Students and teachers who believe learning is a fluid activity that never stops, but rather leads to more questions are life-long learners.

Students and teachers who not only welcome change, (also known as growth) but crave it, are life-long learners.

Students and teachers who want to develop ideas instead of knowing facts are life-long learners.

I am a life-long learner.

Kids Who Outwit Adults...

"Kids Who Outwit Adults", by John Seita and Larry Brendtro, is a must-read for any educator, parent, social worker, therapist, or anyone else who encounters a troubled, hurting child. There is so much that this book provokes in thought and emotion regarding our collective responsibility to take very good care of our kids. If you're interested in positive youth development, you should definitely read this book.

Dr. Seita is a remarkable individual. As a young child, he was apprehended by the State Social Services Department as a result of his mother's lack of ability to care for even his basic needs. Dozens of foster homes and youth care facilities later, 17-year-old John met a new social worker, Larry Brendtro, and many years after that Dr. John Seita co-wrote "Kids Who Outwit Adults" with the same guy, also now addressed as Dr. Larry Brendtro. I have not met another person who can speak so eloquently and genuinely from both ends of the childcare spectrum.

Including a foreword by actor, Matt Damon, the book was inspired by the movie written by he and fellow actor Ben Affleck, "Good Will Hunting." The book references scenes from the movie to begin each chapter as a mirror reflecting the ideas within the chapters. The book also includes numerous anecdotal references to cases Dr. Seita has dealt with as a professional child advocate, and also from his own personal experiences as a youth in care. Underlying the content of the book is the notion that "private logic" is at the heart of every perception people have and perhaps, especially kids. Dr. Seita states,
It is not so much what happens to people that influences their behavior but the meaning they make of their life experiences. Adler also suggests that children construct their private logic and coping strategies as they make sense out of the following issues:
I am...
Other people are...
The world is...
I am of the belief that every child has a story. How kids (people) finish Alfred Adler's prompting statements above are major indicators of how their story affects their perspective. At the heart of a child's story are the experiences and challenges that form the person educators see in front of them every day at school. We make many assumptions about students based on what we see; the lens we look through will influence (I would argue more than any other element of our interaction with kids in school) our practice, our attitude, and our reaction to every child we encounter as educators. We must not take this issue lightly.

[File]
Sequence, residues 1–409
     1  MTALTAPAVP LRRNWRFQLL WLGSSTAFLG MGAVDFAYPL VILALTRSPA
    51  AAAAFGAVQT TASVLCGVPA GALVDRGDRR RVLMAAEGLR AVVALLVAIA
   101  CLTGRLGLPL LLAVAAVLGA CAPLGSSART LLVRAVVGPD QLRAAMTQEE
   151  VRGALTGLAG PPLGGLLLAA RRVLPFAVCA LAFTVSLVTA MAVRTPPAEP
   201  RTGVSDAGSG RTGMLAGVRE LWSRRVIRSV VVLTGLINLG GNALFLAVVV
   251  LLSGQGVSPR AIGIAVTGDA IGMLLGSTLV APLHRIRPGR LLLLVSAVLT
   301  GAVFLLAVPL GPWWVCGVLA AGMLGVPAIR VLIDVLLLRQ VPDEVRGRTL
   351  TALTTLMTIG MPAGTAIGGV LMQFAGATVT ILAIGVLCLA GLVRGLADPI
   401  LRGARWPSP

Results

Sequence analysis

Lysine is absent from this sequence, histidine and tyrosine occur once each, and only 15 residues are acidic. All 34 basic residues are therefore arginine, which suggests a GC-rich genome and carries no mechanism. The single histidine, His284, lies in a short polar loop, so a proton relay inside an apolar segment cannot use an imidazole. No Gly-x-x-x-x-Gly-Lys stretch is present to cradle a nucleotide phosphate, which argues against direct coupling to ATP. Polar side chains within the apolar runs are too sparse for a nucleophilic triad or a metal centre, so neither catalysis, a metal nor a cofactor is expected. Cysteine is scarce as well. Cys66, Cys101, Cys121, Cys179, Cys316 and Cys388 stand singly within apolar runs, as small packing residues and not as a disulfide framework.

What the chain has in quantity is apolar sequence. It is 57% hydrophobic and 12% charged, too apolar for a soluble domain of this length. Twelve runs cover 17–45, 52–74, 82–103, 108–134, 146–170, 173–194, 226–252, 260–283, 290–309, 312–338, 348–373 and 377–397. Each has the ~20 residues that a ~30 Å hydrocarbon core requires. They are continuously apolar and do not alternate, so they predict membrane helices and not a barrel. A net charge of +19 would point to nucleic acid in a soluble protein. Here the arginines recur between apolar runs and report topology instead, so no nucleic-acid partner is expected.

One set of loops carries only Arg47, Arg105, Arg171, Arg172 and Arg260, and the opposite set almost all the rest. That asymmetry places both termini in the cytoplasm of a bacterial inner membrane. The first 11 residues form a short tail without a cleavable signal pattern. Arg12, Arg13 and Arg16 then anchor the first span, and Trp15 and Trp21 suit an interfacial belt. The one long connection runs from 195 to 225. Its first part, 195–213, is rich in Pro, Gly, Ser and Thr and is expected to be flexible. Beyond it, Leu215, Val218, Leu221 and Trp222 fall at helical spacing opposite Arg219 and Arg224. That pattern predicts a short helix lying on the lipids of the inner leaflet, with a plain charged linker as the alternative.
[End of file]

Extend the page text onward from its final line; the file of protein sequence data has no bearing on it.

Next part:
Our perceptions of students are more powerful than most have given the time to consider. Physical appearances, mannerisms, language, attitude, and behavior; are all contextual elements of every child, but to those most disadvantaged emotionally, physically, psychologically, and financially, the variables affecting their context are multiplied exponentially... they simply have bigger fish to fry when compared to the typical challenges we present to them as part of a regular school day. Their hearts and minds are not tuned in to school.

Consider the young student who hasn't eaten for days and is used to not eating nutritious food on a regular basis. Consider the child who has never known a loving relationship with a trusted adult in their entire life. Consider the child who has been routinely abused in any number of ways since birth... to these kids from a contextual perspective, we are the strange ones. They don't "live" in our world, they live in theirs, and it's all they've ever known. We need to be vigilant to recognize these kids, and we need to understand that it is grossly unfair to judge them by a standard that doesn't recognize the unique nature of their background... their story.

If we make it our business as teachers to learn kid's stories, our efforts will prove invaluable as far as understanding why for some kids, the math test is not the most important thing on their mind on any given day... then we can begin to put first things first; helping kids deal with their issues on the way to establishing human connections that will improve our ability to teach and their ability to learn.

Learn kids' stories.

We need teaching schools to create excellent teachers...

flickr CC image via Enokson

I believe firmly that the vast majority of teachers are professional people doing a professional job. We are members of a world-wide cohort of professionals who have been drawn toward the most noble of crafts. Despite this, I remain perplexed why we don't in some instances, act in the same manner that defines other professions and vocations. Pre-service teacher preparation and training is one of these instances.